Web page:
EMPLOYMENT LAW NEWS

New Virginia Minimum Wage: Effective Date Could Change Due to Coronavirus

By Kris Janisch
Published April 21, 2020

New Virginia Minimum Wage: Effective Date Could Change Due to Coronavirus

Virginia Gov. Ralph Northam, a Democrat, has declined to sign the legislation, citing the economic effects of COVID-19. Instead, he proposed pushing back the initial minimum wage increase to May 1, 2021.

While Virginia lawmakers have passed a bill to increase the state’s minimum wage, its implementation could be delayed as the state grapples with the impact of the coronavirus.

The first increase was slated to go into effect Jan. 1, 2021. But Virginia Gov. Ralph Northam, a Democrat, has declined to sign the legislation, citing the economic effects of COVID-19. Instead, he proposed pushing back the initial minimum wage increase to May 1, 2021. (The governor also proposed delaying other measures — including collective bargaining and project labor agreement legislation — to May of next year.)

Legislators are expected to reconvene this week for a one-day session to hash out minimum wage and other issues. Check back on this Employment Law News blog for an update.

UPDATE: The state appears set to delay the effective date.

Virginia Minimum Wage Increases

Today, the minimum wage in Virginia is $7.25, which is the federal rate.

As initially passed by the General Assembly, the new minimum wage rates in the state would be:

  • May 1, 2021 – $9.50
  • Jan. 1, 2022 – $11
  • Jan. 1, 2023 – $12
  • Jan. 1, 2025 – $13.50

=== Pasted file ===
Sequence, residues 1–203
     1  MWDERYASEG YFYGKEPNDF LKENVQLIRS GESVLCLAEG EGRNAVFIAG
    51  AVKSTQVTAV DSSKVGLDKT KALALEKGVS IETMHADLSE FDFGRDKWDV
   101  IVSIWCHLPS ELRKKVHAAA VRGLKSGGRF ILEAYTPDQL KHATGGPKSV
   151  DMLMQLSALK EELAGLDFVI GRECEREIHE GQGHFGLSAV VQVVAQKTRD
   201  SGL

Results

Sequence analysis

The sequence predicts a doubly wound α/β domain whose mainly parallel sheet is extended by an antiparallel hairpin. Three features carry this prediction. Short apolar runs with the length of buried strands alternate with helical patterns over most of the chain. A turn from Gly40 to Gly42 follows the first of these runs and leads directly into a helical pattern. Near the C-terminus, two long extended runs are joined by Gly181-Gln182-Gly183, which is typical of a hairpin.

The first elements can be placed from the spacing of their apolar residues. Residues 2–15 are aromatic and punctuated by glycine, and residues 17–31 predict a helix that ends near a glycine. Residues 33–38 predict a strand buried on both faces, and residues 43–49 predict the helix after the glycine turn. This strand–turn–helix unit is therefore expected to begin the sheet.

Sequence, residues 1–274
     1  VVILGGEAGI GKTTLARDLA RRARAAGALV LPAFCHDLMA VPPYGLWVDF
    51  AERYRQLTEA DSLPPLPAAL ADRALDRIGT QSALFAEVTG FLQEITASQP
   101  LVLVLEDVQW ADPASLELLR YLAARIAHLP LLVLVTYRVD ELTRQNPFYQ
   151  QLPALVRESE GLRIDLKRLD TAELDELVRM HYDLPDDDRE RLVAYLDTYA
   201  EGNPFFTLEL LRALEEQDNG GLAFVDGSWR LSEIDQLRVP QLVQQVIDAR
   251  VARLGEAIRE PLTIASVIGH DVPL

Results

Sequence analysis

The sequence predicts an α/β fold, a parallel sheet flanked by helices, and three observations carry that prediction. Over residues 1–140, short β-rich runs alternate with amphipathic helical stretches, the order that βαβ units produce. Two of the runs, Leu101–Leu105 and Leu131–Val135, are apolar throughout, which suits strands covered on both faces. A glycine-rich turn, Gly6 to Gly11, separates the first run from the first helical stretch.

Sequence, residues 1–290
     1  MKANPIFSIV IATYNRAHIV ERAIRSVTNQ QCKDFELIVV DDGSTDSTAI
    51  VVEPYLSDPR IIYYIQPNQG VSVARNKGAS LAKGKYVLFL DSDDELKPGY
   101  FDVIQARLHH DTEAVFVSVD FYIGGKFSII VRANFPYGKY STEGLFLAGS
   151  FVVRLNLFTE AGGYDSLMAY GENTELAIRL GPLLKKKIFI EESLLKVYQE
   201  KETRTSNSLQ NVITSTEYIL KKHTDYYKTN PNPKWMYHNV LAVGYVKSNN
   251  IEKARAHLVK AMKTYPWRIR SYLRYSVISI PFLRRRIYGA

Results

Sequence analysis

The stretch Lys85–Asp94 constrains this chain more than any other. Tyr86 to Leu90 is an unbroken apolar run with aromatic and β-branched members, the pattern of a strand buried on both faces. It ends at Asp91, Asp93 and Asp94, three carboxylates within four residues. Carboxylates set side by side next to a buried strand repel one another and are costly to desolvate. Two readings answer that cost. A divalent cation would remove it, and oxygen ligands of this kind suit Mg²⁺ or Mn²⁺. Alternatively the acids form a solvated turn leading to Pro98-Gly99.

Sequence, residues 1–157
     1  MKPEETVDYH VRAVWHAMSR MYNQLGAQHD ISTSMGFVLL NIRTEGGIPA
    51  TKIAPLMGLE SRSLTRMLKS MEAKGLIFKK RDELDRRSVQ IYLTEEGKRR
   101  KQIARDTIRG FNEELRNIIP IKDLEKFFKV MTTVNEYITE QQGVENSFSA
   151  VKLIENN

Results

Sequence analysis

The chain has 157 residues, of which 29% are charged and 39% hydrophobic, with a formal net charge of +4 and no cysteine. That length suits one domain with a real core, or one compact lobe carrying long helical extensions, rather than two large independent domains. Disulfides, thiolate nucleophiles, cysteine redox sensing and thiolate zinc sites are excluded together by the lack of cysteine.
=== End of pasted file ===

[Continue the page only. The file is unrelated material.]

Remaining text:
• Jan. 1, 2026 – $15

Meanwhile, the legislation would also eliminate certain exemptions for certain categories of employees, including people who are paid by the amount of work done, home domestic service workers, small businesses and others.

Coronavirus and the Minimum Wage

Though paid leave laws have rightfully risen to the forefront as a result of the coronavirus, minimum wage increases have also been part of the current discussion of employment law.

In addition to Virginia, other jurisdictions have considered a delay to minimum wage increases in an effort to lessen the impact on employers as the economy continues to struggle.

Many states, counties and cities schedule minimum wage increases at the start of the year (Dec. 31 and Jan. 1), but some also opt to raise rates during summer (June 30 and July 1). With officials continuing to ponder ways to help employers in the wake of COVID-19, it’s worth tracking these laws and making sure the correct minimum wage is applied.

Conclusion

The current climate has sparked an additional focus on employment law, especially after the federal government stepped in with paid leave and emergency relief measures. A post-coronavirus U.S. could look much different in terms of employer responsibilities.

In the meantime, it’s incumbent upon employers to stay on top of potential legislative changes at all levels of government to ensure compliance.

Coronavirus Resources

GovDocs is working to keep employers informed during the coronavirus pandemic. Check previous installments of Employment Law News for other blogs related to COVID-19:

New name. Same great content. To better reflect the nature of the GovDocs blog, and the company’s mission, we have updated the name. Welcome to Employment Law News!

This Employment Law News Blog is intended for market awareness only, it is not to be used for legal advice or counsel.

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